The Cable

PORT OF SPAIN, Trinidad (CMC) — Following widespread criticism by legislators in recent weeks on bank fees and other charges, the Bankers Association of Trinidad and Tobago (BATT) said while it welcomes discussions on the issue, they should be done in an atmosphere of mutual respect.

The bankers said that consideration must also be given to the negative perception and damaging effects the remarks can have on an industry which employs over 10,000 Trinidad and Tobago citizens, represents over 15 per cent of the nation’s Gross Domestic Product (GDP) and which provides services to close to one million citizens.

“Many of our members have operated in Trinidad and Tobago for decades and have played an important role in the development of our twin island nation since its independence in 1962. The banks have helped millions of citizens save for their retirement, own their first home, open their first small business and generally realise their dreams and aspirations.

“Indeed our members have also supported various government entities and the sovereign itself in raising funds to support the direct development of critical state projects since independence,” BATT said in a statement, adding that a functioning and vibrant financial services industry is critical to the future development and stability of Trinidad and Tobago, especially as the country grapples with the current negative economic environment.

Last week, independent legislator, Ian Roach, called on the Trinidad and Tobago government to deal with high bank changers and interest rates.

Roach, speaking on the Foreign Account Tax Compliant Act (FATCA) Tax Information Exchange Agreements, said he was making particular reference to the charges and interest rates imposed on consumers by the banks, noting that any ordinary citizen would consider the financial institutions in T&T ”to be institutional bandits, financial extortionists and conscienceless, as they unilaterally impose any and all types of bank charges in addition to the already outrageous level of interest rates.”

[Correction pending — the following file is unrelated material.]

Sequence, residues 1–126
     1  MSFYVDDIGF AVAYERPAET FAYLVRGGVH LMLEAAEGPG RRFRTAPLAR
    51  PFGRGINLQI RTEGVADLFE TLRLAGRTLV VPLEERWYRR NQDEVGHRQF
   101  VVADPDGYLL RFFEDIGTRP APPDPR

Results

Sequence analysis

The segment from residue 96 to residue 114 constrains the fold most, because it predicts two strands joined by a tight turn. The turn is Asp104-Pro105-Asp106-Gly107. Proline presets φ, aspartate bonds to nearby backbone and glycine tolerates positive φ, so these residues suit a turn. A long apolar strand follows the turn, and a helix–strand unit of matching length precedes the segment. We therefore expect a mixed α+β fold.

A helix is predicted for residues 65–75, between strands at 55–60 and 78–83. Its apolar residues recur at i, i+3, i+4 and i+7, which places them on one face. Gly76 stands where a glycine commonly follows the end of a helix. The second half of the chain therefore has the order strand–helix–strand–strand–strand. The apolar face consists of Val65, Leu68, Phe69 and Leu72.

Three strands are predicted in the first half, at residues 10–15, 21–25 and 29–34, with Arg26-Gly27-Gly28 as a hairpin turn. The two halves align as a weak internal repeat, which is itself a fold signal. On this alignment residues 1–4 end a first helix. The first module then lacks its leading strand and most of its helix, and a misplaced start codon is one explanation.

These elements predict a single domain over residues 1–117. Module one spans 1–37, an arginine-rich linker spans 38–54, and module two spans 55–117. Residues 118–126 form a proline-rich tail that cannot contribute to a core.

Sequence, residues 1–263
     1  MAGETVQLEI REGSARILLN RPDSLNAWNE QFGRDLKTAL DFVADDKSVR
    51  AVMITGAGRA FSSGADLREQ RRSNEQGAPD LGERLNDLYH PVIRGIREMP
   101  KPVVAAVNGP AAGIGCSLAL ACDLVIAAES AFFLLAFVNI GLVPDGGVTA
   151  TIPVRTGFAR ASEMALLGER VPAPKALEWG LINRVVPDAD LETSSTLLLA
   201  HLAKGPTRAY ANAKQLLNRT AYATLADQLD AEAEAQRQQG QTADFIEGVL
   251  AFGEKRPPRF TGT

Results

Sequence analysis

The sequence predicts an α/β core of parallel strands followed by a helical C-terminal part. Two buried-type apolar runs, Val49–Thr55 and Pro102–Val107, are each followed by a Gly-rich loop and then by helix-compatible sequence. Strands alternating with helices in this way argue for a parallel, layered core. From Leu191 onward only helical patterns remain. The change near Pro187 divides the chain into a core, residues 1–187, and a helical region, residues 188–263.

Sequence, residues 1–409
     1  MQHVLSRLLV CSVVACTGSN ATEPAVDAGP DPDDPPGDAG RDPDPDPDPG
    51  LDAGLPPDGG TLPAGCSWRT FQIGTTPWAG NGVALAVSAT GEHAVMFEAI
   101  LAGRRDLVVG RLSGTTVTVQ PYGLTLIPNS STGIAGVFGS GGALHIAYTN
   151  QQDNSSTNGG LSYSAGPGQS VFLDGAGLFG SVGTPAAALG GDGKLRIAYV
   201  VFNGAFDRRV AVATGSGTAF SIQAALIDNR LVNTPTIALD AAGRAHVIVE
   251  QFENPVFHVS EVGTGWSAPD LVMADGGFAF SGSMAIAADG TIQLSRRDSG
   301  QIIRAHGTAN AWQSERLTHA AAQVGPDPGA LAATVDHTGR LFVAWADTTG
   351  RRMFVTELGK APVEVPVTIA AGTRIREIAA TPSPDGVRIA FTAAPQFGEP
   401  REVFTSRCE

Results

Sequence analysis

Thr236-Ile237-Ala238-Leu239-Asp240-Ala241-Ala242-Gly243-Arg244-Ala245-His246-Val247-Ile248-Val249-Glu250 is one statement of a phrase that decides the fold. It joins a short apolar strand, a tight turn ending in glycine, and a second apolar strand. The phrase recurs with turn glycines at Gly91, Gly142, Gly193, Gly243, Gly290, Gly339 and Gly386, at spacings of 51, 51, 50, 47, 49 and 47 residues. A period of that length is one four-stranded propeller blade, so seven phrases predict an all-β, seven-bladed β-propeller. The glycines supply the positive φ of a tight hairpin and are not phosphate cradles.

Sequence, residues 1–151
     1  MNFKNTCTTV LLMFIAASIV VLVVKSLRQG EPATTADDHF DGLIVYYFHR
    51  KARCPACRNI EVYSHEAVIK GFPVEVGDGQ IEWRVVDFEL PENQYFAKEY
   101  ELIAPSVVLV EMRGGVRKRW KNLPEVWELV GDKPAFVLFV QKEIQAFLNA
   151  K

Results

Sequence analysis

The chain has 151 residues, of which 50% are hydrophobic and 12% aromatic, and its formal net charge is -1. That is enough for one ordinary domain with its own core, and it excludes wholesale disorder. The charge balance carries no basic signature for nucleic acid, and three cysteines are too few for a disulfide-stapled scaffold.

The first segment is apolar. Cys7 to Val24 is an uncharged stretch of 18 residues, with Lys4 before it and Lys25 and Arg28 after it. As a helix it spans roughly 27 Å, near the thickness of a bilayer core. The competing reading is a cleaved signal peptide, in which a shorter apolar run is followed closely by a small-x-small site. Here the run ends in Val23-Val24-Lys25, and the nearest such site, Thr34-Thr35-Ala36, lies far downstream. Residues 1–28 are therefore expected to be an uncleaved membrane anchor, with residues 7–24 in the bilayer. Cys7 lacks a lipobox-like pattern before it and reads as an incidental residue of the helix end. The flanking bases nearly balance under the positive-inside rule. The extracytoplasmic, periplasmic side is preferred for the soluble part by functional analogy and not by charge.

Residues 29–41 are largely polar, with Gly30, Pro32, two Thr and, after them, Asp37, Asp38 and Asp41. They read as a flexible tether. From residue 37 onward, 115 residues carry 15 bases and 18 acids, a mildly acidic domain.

Roach said the government “can and should once and for all deal with this systemic cancer of interest rates and bank charges by the introducing a bill to either fortify the minister of finance powers under the Central Bank Act, or intervene in such a way to give the minister new powers that can effectively reign in these runaway ravenous horses that are the banks.”

Leader of the Opposition Business in the Senate, Wade Mark accused of BATT of trying to dictate how parliament conducts its business.

“They are totally out of place. Who is the Bankers Association…Amcham (American Chamber of Commerce) and the Chamber of Industry and Commerce to come and tell us that we do not need a Joint Select Committee?

“We could tell them when they want to gouge out of the eyes of people when they increase prices, that they shouldn’t do it?” he asked.

We tell them that but they don’t listen. You think we could go and tell BATT, the crim.., — I go to say criminal but you (the Senate President) might say is a wrong word — the almost unpardonable, indefensible increases in bank charges, we could go and tell the Bankers Association that they could pull back those bank fees and charges?” Mark told legislators.

In the statement, BATT said that it “categorically rejects the suggestion of artificial market control practices over the provision of services in a competitive and open market. This suggestion runs counter to free market principles and the guidelines of business conduct, which all of our members comply with”.

The bankers urged clients who may have questions regarding the services provided to them to meet with their individual bank representatives to review all aspects of these products or services, in order to determine the services that best suit them.

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